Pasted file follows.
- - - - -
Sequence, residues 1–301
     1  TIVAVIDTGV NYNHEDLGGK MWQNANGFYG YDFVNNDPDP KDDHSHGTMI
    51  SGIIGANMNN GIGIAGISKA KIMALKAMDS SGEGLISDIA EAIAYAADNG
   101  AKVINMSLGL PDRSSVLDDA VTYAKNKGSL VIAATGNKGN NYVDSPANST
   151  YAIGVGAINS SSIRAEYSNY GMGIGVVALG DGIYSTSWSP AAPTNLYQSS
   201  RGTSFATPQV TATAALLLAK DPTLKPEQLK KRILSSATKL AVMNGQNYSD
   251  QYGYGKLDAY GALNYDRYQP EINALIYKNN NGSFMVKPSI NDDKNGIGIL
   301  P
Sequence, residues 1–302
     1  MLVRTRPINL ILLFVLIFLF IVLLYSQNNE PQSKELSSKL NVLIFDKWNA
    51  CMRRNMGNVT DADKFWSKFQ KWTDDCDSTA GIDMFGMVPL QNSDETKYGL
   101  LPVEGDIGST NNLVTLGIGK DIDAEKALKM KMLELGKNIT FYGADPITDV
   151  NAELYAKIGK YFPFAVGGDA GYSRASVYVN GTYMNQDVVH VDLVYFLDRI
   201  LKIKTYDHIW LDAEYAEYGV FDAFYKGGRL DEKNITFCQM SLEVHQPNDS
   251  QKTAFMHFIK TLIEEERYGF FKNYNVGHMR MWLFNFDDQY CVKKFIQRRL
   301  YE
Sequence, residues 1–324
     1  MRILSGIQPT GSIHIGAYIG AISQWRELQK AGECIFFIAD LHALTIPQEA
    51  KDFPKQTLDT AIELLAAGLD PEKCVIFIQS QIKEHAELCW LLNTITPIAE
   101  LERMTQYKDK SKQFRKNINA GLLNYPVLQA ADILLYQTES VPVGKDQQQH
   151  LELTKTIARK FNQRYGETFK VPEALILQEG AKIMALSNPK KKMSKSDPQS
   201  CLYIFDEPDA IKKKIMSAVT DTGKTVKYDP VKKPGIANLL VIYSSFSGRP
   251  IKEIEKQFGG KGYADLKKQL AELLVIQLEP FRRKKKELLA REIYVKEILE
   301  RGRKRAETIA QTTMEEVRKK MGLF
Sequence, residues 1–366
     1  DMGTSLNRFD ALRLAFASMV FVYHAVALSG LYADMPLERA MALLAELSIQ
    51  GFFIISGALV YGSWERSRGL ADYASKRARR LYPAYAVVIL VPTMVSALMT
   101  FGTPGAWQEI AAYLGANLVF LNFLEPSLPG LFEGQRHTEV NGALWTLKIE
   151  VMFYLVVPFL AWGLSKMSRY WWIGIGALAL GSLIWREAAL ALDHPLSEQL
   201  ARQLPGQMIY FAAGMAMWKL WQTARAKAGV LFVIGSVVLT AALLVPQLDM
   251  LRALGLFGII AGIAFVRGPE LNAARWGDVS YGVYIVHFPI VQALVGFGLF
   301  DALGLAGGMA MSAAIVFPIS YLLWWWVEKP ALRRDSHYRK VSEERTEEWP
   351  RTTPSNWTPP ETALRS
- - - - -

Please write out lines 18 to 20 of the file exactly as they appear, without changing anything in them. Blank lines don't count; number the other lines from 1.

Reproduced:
     1  MRILSGIQPT GSIHIGAYIG AISQWRELQK AGECIFFIAD LHALTIPQEA
    51  KDFPKQTLDT AIELLAAGLD PEKCVIFIQS QIKEHAELCW LLNTITPIAE
   101  LERMTQYKDK SKQFRKNINA GLLNYPVLQA ADILLYQTES VPVGKDQQQH